June 2022
Volume 63, Issue 7
Open Access
ARVO Annual Meeting Abstract  |   June 2022
In vivo measurement of plexus-specific retinal erythrocyte velocity and acceleration in human subjects and NHPs
Author Affiliations & Notes
  • Shih-En Chen
    University of Maryland School of Medicine, Baltimore, Maryland, United States
  • Victoria Chen
    University of Maryland School of Medicine, Baltimore, Maryland, United States
  • Jessica Pottenburgh
    University of Maryland School of Medicine, Baltimore, Maryland, United States
  • Osamah Saeedi
    University of Maryland School of Medicine, Baltimore, Maryland, United States
  • Footnotes
    Commercial Relationships   Shih-En Chen None; Victoria Chen None; Jessica Pottenburgh None; Osamah Saeedi Aerie Pharmaceuticals, Code F (Financial Support), Heidelberg Engineering, Code F (Financial Support), Vasoptic Medical Inc., Code F (Financial Support)
  • Footnotes
    Support  None
Investigative Ophthalmology & Visual Science June 2022, Vol.63, 3502. doi:
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    • Get Citation

      Shih-En Chen, Victoria Chen, Jessica Pottenburgh, Osamah Saeedi; In vivo measurement of plexus-specific retinal erythrocyte velocity and acceleration in human subjects and NHPs. Invest. Ophthalmol. Vis. Sci. 2022;63(7):3502.

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      © ARVO (1962-2015); The Authors (2016-present)

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Abstract

Purpose : We utilized multimodal imaging with Erythrocyte Mediated Angiography (EMA) and Optical Coherence Tomography Angiography (OCTA) to precisely quantify erythrocyte velocity and acceleration in perifoveal retinal arterioles, capillaries, and venules of humans and nonhuman primates (NHPs) at baseline and high intraocular pressure (IOP).

Methods : 15 eyes of 9 healthy human subjects and 4 eyes of NHPs underwent sequential EMA and OCTA. High intraocular pressure (IOP), defined as 18mmHg or higher, was induced in NHPs using a tight lid speculum. Systolic blood pressure, diastolic blood pressure, and IOP were measured to calculate mean ocular perfusion pressure (MOPP). Erythrocytes in capillaries were tracked using a semiautomated approach. To identify the corresponding vascular plexus, overlays were made using a time-lapse stack of EMA frames and OCTA images of the superficial vascular plexus (SVP), intermediate capillary plexus (ICP), and deep capillary plexus (DCP) (Figure 1). We compared erythrocyte velocity and acceleration in each plexus using generalized estimating equations for statistical analysis.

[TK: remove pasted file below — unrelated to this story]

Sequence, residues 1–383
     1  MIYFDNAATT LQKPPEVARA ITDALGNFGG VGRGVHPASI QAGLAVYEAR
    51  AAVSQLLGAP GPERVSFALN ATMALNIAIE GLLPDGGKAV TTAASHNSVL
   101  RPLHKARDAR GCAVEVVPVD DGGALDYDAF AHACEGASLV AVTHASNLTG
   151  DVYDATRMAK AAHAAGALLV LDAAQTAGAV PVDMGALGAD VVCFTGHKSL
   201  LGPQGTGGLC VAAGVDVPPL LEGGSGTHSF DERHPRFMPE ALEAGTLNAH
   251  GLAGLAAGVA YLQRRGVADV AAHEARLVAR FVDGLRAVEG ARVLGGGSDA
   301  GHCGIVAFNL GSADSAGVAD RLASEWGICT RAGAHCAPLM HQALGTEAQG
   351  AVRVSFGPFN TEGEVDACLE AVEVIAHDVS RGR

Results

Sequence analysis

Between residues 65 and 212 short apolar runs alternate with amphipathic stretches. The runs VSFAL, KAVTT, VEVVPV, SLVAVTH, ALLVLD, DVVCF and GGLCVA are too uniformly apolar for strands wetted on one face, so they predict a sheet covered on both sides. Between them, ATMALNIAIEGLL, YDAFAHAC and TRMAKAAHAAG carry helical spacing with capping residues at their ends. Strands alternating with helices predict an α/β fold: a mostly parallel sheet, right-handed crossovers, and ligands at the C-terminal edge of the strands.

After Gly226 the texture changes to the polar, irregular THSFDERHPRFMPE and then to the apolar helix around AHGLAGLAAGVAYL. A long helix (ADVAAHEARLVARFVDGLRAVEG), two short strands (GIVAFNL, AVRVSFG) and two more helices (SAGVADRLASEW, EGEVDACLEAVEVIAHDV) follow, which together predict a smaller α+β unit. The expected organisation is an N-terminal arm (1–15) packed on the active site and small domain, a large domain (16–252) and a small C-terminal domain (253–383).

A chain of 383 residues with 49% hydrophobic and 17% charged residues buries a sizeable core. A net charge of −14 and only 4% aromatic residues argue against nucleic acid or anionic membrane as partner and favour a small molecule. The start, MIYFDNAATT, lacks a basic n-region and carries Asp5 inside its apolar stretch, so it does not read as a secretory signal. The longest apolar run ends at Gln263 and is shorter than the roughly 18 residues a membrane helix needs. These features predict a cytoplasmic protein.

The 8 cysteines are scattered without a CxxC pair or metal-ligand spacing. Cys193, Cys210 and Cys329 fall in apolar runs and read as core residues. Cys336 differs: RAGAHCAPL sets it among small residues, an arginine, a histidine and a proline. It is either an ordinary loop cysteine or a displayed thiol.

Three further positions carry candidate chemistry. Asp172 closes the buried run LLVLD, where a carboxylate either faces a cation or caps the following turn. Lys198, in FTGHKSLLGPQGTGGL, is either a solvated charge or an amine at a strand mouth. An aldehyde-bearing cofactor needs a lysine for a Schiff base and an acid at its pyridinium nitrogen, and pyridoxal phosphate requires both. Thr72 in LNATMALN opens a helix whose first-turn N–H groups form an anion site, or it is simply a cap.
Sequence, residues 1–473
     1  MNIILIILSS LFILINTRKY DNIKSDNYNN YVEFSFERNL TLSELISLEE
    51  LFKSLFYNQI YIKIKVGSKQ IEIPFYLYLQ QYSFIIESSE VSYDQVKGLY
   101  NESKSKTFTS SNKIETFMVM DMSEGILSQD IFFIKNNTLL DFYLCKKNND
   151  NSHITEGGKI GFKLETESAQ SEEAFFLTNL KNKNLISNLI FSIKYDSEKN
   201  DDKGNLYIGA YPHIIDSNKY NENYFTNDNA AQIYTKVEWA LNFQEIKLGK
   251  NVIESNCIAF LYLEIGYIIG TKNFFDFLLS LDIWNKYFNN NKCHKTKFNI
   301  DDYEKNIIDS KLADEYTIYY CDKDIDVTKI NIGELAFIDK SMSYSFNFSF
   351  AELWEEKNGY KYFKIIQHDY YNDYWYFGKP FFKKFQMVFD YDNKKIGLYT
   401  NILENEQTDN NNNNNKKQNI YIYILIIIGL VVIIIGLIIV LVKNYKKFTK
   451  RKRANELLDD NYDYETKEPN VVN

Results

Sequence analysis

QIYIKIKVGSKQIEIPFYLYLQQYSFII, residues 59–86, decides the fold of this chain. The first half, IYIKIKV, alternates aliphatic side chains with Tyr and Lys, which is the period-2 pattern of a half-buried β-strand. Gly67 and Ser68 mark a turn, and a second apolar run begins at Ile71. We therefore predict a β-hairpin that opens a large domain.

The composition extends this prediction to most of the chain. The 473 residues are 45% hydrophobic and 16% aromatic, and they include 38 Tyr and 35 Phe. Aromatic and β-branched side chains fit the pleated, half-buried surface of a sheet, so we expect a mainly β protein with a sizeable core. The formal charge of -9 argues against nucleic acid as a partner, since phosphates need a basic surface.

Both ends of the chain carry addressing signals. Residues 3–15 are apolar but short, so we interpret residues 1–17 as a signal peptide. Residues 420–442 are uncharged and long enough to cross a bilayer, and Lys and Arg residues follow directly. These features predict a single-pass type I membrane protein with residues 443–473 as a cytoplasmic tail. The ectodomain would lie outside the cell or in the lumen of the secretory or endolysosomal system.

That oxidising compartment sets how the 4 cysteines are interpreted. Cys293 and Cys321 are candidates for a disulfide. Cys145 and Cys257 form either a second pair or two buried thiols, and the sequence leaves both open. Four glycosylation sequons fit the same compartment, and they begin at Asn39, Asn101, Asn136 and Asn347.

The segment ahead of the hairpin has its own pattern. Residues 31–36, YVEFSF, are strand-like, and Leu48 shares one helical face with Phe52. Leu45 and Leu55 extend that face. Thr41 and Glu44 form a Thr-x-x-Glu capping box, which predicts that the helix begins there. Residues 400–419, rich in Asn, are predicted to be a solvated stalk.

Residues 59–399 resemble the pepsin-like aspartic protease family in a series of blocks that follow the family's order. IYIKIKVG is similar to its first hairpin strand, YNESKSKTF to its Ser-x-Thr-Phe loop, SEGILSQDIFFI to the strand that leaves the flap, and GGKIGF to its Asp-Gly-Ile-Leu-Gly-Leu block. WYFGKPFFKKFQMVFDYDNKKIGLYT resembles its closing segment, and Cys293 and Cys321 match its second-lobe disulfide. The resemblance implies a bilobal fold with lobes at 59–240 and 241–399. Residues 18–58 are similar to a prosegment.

Results : In human subjects, overall mean capillary velocity was 1.7±1.6mm/s. Differences between capillary velocities were noted between SVP, ICP, and DCP (p<0.01 for all comparisons) (Table 1). Overall mean human capillary acceleration was 4.0±2.5x10-3mm/s2, which did not differ significantly between plexuses. In NHPs, overall mean capillary velocity (0.69±0.31mm/s) at baseline IOP was significantly higher than that of high IOP (0.39±0.18mm/s, p<0.01). Overall NHP mean capillary acceleration was significantly higher at baseline as compared to high IOP (p<0.001). While there were no significant differences between plexus velocities in NHPs at baseline, mean capillary velocities at high IOP varied significantly between DCP and ICP (p<0.01) and DCP and SVP (p<0.01). Mean capillary accelerations in NHPs at baseline IOP varied significantly between DCP and ICP (p=0.015). At high IOP, mean NHP capillary accelerations were significantly lower for SVP and ICP as compared to DCP.

Conclusions : In humans and NHPs, erythrocyte decelerate in arterioles then accelerate in venules as expected. We have shown that blood flow in the SVP, ICP, and DCP can be precisely quantified and can differ between plexuses. Furthermore, elevated IOP results in decreased erythrocyte velocity and acceleration.

This abstract was presented at the 2022 ARVO Annual Meeting, held in Denver, CO, May 1-4, 2022, and virtually.

 

 

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